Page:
All the current camera hype may be around mirrorless cameras, but Canon is determined to prove DSLRs aren't dead. With the new 1DX MIII, Canon has created what might be not only the best photo camera for sports, news and wildlife, but also an exceptional video camera.
First things, this is a giant DLSR. If you're used to nice compact mirrorless cameras, a pro camera like the 1DX or Nikon D5 feels enormous. For one, with its second grip (complete with control wheels), and a shutter built so you can swap to portrait orientation, the camera's body is almost square.
The bulk isn't without purpose, though. The 1DX series is built with durability, reliability, accuracy and speed in mind. The 20.1-megapixel sensor isn't winning any resolution contests, but this modest number helps it deliver a blistering 16fps shooting speed through the viewfinder. The experience of actually using that fast of a burst though is a little unsettling -- the camera sounds like a jackhammer and shook in my hands while I rattled through a hundred or more images. But, the speed is astounding. If you lock the mirror up and frame through the rear LCD instead, you can get a totally silent 20fps. This feels unnatural for entirely the opposite reason: the camera stays dead quiet, the only indication it's actually working the ballooning on-screen capture count.
With the mirror up or down, even at these speeds the 1DX MIII is still capable of autofocus tracking. In my brief time with the camera, the focus system was seriously impressive, locking on to faces or objects and following them through the scene, even when they were briefly obscured by foreground objects or people walking through my shot. This mode works equally well in video, letting you follow a subject or even circle them while maintaining perfect focus.
The system is also intuitive to control. The camera's "Autofocus on" button, which engages the focus, is also a touch pad, and can be used to shift the focal point around the screen. This is similar to the touch bar on Canon's EOS R camera, with the main difference being that I didn't immediately hate it and the camera the first time I tried to use it. As opposed to that cursed bit of UI, the touch surface here felt intuitive: a small thumb slide moved the focal point where I wanted it, and a click engaged the focus motor.
The autofocus system is also endlessly customizable, with almost every feature able to be tweaked, from how quickly the camera moves focus, to how likely it is to switch subjects. There's also an "auto" mode that lets the camera pick the behavior it thinks is best. My only complaint is that, while single-point focus worked and tracked like magic, when I enabled whole-scene autofocus, a few times it tried to track the wrong thing, or at least, not the thing I wanted to focus on.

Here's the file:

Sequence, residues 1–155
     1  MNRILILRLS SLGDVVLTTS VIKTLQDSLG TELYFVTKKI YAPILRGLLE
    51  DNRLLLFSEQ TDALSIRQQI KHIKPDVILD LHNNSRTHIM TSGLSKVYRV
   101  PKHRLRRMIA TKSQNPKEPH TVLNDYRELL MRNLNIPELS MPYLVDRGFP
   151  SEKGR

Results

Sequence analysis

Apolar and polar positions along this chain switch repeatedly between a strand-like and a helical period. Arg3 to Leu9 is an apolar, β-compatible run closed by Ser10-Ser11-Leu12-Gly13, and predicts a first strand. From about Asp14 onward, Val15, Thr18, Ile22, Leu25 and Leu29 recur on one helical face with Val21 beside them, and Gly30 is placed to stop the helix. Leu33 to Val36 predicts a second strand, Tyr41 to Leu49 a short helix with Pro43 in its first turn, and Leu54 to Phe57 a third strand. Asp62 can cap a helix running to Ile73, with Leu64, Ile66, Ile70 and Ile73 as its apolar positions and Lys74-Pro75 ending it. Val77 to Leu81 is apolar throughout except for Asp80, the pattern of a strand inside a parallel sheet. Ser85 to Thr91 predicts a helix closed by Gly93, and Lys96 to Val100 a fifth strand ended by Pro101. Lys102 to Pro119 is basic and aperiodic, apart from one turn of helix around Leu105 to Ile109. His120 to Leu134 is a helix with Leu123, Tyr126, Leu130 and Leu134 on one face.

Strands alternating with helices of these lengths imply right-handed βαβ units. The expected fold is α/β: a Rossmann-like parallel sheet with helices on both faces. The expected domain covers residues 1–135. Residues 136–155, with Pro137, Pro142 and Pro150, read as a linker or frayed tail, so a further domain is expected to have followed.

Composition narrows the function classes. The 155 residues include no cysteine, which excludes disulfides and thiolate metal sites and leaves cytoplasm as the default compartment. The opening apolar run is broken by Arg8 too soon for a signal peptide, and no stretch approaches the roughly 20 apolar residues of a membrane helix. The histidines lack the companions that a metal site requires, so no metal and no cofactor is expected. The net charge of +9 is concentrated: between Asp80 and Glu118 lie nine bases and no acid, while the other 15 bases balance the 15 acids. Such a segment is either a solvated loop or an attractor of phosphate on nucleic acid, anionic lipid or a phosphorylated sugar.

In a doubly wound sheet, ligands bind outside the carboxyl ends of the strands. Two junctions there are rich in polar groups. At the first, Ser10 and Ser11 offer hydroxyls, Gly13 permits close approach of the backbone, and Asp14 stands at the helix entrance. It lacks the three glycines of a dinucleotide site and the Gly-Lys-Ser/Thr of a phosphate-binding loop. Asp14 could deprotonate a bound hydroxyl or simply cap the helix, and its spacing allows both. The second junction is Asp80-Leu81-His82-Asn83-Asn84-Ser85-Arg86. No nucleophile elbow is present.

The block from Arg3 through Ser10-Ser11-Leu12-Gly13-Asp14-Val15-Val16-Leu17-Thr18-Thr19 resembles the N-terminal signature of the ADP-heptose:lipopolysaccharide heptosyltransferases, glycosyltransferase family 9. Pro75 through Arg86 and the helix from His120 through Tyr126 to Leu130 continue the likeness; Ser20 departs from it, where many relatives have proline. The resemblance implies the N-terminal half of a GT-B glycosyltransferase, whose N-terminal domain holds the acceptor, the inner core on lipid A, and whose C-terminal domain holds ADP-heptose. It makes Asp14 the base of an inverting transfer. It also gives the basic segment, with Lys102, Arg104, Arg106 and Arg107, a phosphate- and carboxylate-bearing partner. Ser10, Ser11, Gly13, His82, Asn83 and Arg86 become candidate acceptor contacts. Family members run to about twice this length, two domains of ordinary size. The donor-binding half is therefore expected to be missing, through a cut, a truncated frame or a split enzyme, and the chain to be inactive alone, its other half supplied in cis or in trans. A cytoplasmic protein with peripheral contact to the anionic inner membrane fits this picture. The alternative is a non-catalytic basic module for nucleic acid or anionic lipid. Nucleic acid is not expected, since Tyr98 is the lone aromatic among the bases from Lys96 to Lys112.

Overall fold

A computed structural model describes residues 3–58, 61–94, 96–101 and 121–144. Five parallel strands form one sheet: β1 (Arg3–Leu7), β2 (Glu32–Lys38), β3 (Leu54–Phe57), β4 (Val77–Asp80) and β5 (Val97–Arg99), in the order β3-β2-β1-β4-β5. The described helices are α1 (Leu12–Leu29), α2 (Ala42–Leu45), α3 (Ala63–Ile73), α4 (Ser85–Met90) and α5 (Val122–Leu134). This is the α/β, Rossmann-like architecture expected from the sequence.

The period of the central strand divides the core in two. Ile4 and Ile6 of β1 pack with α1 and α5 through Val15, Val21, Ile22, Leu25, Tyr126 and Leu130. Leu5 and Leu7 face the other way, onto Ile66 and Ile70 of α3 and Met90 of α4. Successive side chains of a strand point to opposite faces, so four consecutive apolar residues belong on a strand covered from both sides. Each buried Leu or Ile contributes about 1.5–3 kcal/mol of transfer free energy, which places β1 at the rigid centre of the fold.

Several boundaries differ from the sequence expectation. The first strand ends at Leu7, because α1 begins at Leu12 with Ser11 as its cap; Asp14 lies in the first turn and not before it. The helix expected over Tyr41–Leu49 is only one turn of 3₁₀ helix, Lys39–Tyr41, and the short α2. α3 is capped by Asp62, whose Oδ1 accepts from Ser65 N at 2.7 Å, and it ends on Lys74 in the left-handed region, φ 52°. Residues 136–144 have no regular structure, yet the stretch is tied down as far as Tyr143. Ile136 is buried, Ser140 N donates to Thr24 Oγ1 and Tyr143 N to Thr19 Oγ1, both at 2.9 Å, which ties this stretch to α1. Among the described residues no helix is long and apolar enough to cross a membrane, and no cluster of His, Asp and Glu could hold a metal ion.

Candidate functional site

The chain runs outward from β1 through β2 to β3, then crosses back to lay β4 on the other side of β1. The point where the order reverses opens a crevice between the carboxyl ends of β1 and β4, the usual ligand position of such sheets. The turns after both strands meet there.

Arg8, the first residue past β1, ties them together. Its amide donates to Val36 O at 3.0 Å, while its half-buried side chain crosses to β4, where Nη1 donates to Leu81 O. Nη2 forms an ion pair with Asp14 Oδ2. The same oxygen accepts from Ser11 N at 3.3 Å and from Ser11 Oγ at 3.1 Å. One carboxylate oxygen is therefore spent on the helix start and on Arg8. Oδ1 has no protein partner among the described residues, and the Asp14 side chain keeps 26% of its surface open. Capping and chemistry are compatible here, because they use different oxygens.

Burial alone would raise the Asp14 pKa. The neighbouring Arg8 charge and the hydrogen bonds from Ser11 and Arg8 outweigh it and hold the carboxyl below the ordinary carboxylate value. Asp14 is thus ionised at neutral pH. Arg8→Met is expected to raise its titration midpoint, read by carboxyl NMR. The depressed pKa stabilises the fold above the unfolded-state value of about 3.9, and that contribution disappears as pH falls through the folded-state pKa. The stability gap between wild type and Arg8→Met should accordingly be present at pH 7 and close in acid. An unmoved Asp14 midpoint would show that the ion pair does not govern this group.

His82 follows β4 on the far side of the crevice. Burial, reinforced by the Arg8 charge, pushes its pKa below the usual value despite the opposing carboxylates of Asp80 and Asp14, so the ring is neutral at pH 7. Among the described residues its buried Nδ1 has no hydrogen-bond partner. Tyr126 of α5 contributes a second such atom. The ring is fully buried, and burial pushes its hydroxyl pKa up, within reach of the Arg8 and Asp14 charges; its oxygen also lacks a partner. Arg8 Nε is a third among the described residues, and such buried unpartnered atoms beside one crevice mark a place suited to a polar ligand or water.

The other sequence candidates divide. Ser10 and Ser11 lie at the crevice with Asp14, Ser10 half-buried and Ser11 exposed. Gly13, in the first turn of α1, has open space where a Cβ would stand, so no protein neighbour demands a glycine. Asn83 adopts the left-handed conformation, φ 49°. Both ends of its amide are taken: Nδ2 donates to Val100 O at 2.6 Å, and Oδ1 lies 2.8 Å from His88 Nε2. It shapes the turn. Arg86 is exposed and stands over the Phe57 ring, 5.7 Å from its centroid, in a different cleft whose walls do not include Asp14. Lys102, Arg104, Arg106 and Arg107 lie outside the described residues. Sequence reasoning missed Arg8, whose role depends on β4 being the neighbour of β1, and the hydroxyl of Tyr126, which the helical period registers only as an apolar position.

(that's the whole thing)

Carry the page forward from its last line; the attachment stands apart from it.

Canon may have helped pioneer DSLR video with the 5D series, but its last few models have delivered lackluster video features. This may have been to avoid competition with its C line of cinema cameras, but whatever the reason, when it comes to options for high resolution, frame rate, or video quality, Canon's recent cameras have disappointed. Its solution? To give the 1DX every video option imaginable. Internally, this camera can capture 12-bit 5.5K raw at 2,600Mbit/sec, or much more reasonable editing-friendly 10-bit 4k intra-frame video at up to 60FPS and 1,000Mbit/sec. The one potential downside is you need to use their low-contrast CLog picture profile for these shooting modes, if you want something that'll look good straight out of the camera you need to drop down to 8-bit video, though that's still on par with what something like the Sony A7R IV shoots.
In terms of competition, there's nothing else quite like the 1DX MIII. As long as you don't need high-res images, Canon has created what, on paper at least, is arguably the best photo camera around, and then bolted on a raft of cinema-worthy features for good measure. Sony's A9 II shoots as fast at 20 FPS and also has fantastic autofocus, but it's stuck with 8 bit video and lacks log profiles. The Sony A7R IV is higher res for photos, but much slower at 9 FPS. The Blackmagic Pocket Cinema Camera 6K can nearly match the 1DX MIII for video specs, but is a lousy photo camera with barely functional autofocus. Similar is the Panasonic S1H, which comes close with video capabilities, including a much-coveted Netflix certification (which I expect the 1DX MIII will also receive) but lacks raw video options and is a perfectly fine but less than top-tier photo camera, especially when it comes to autofocus.
Nikon's Z6 and Z7 are highly capable cameras that can be upgraded to record raw video, but only via HDMI and an external recorder. Still, they may be the closest competition, and we still don't know the capabilities of Nikon's upcoming D6, which is rumored to have it's own raw video capabilities plus the in-body stabilization, the one feature the 1DX MIII lacks.
There is currently no single device that can do what the 1DX MIII can do, but you'll have to pay a price for all these features, $6,500 to be specific. For that money you could get a Blackmagic Pocket Cinema Camera and a decent photo camera, and still have money left over for a lens or two. Still, if you want one camera that can handle almost any situation, there's nothing else quite like the 1DX MIII